The days of a male-dominated design and construction industry are coming to an end. As more women enter the workforce, a larger number are choosing a career in engineering.
Maintaining this momentum and securing opportunities for female engineers is a key focus for the industry moving forward.
UNSW implements initiatives to boost female enrolments
In order to build a more equal workplace, getting women involved in the industry needs to start as early as possible. The University of New South Wales (UNSW) is taking this into account by creating a number of new schemes to increase the number of female enrolments. These include award programmes better high school engagement through events and engineering camps.
Bringing in a better balance will help the design and construction industry as a whole.
As Manager of the Women in Engineering Initiative Alexandra Bannigan explained, bringing in a better balance will help thedesign and construction industry as a whole.
"There may be young women in high school right now who could become some of the best engineers ever born - but if they don't know about the profession and what it offers, they'll never realise that potential," she said.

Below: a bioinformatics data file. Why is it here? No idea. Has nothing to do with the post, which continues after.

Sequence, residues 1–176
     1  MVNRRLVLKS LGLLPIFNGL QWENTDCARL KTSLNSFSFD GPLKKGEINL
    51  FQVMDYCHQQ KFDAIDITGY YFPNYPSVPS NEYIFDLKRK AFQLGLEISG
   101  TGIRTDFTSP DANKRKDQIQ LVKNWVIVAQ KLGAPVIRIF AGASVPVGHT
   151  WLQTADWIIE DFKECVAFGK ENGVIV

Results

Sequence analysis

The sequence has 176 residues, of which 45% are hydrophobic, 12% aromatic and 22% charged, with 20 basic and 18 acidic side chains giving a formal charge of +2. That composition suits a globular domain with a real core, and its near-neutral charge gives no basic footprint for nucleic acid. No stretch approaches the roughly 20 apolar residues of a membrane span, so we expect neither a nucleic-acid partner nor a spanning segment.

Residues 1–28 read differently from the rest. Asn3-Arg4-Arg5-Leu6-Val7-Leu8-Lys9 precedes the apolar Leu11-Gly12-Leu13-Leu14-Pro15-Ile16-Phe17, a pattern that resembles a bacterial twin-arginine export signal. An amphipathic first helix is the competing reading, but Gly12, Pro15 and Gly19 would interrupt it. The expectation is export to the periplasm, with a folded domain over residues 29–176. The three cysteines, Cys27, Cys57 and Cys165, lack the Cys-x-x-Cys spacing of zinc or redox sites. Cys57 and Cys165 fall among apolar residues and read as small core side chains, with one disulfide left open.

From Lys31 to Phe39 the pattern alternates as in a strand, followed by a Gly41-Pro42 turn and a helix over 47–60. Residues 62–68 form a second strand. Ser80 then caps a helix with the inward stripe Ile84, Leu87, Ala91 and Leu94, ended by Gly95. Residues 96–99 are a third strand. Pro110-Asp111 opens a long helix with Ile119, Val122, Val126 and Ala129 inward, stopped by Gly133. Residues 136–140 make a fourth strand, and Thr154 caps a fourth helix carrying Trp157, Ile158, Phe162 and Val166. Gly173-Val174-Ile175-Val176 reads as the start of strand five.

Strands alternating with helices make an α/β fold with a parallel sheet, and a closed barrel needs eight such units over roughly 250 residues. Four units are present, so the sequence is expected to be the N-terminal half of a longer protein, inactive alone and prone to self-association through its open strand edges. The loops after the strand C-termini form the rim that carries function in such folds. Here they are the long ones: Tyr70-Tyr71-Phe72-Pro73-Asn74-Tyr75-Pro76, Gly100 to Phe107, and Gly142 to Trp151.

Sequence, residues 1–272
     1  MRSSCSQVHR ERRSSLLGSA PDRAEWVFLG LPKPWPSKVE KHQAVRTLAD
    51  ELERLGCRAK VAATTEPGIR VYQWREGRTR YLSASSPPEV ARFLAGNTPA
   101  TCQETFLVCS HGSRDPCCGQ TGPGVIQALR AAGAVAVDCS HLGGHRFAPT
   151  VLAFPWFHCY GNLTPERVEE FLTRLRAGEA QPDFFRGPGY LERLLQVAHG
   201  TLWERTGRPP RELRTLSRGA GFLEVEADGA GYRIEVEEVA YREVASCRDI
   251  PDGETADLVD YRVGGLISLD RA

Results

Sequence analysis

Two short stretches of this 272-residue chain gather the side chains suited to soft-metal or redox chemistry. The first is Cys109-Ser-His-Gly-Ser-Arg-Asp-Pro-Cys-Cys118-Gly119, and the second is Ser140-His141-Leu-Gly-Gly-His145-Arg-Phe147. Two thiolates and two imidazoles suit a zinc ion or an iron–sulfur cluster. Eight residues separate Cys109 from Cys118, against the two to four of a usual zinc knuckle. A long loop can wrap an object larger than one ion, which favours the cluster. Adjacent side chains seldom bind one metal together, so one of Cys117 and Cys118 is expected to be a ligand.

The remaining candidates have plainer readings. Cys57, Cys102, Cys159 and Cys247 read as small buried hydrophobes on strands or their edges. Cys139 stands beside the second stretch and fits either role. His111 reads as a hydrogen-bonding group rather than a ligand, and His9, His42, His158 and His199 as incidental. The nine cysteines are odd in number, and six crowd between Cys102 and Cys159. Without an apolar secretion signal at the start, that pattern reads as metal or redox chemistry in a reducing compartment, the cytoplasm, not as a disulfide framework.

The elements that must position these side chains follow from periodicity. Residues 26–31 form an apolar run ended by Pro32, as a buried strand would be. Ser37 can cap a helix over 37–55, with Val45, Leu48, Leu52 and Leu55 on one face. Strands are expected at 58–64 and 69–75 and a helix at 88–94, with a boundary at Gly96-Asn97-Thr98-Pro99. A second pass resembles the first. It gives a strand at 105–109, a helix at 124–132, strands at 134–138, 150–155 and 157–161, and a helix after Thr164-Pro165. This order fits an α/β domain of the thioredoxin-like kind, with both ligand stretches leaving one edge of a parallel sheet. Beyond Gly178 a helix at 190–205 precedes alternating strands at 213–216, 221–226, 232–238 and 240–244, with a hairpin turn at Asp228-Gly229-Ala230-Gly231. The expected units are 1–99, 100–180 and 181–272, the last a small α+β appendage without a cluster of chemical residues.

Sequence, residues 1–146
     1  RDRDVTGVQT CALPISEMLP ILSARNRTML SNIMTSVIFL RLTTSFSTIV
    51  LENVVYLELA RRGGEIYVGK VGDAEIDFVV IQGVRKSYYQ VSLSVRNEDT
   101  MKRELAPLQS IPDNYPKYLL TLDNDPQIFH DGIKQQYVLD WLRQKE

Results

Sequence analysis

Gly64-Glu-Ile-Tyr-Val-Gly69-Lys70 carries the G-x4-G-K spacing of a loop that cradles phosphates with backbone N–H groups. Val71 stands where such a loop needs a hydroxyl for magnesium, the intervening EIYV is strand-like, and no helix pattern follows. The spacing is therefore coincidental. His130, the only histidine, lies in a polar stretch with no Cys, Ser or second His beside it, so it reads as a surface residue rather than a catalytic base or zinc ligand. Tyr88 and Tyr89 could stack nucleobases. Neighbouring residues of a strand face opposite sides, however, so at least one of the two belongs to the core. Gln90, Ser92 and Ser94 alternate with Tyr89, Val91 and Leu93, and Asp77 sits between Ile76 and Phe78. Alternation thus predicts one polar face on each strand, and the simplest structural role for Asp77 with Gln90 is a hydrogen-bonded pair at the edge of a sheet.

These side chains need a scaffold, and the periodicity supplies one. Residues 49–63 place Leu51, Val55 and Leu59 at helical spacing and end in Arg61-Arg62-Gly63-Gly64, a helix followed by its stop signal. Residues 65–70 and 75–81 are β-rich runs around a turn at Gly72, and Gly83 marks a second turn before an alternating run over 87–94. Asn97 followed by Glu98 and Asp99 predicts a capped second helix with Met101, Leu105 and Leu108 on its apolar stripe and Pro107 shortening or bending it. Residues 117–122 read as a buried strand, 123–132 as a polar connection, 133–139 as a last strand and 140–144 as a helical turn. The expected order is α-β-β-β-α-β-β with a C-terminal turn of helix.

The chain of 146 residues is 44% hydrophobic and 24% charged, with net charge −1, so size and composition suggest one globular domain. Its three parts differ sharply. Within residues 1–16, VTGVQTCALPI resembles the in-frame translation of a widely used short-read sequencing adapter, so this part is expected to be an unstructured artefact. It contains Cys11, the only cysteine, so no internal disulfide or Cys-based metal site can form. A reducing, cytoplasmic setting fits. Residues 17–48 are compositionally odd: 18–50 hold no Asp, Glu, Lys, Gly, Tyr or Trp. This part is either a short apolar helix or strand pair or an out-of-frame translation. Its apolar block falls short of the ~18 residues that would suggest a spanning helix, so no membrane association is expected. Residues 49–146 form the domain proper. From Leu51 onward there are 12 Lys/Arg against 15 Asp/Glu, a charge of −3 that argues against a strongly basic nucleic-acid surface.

"If we succeed, it's a win for them as individuals, it's a win for us as a society and it's a win for the engineering profession."
The major objective for the program is to increase the proportion of female students to 30 per cent by 2020.
Are we assisting in career progression?
Maintaining a fair playing field is more than just filling in quotas. Recent data from the Workplace Gender Equality Agency (WGEA) found that, while the pay gap between men and women is shrinking, male workers earn $27,000 more per year on average than female employees.
A major factor in this is the lack of female senior managers. Out of all the CEOs in Australia, 15.4 per cent are female and women also only hold 27.4 per cent of key management personnel roles. However, more firms are putting equality strategies in place, which the WGEA said was a hopeful sign for future progression.
Businesses need to take individual reasonability to ensure they are addressing any structural or cultural barriers to progression for women.
For female engineers, one important way to leverage skills and experience is to explore other lesser-known career paths. As NSW MP and engineer Mehreen Faruqi stated at a recent Engineers Australia event, there are plenty of opportunities for engineers to contribute in the political arena, to solve issues and create innovative solutions for challenges faced by many groups.
If your business needs some more gender diversity, Design and Construct can help create a recruitment strategy that ensures you are keeping an open door for all the right people.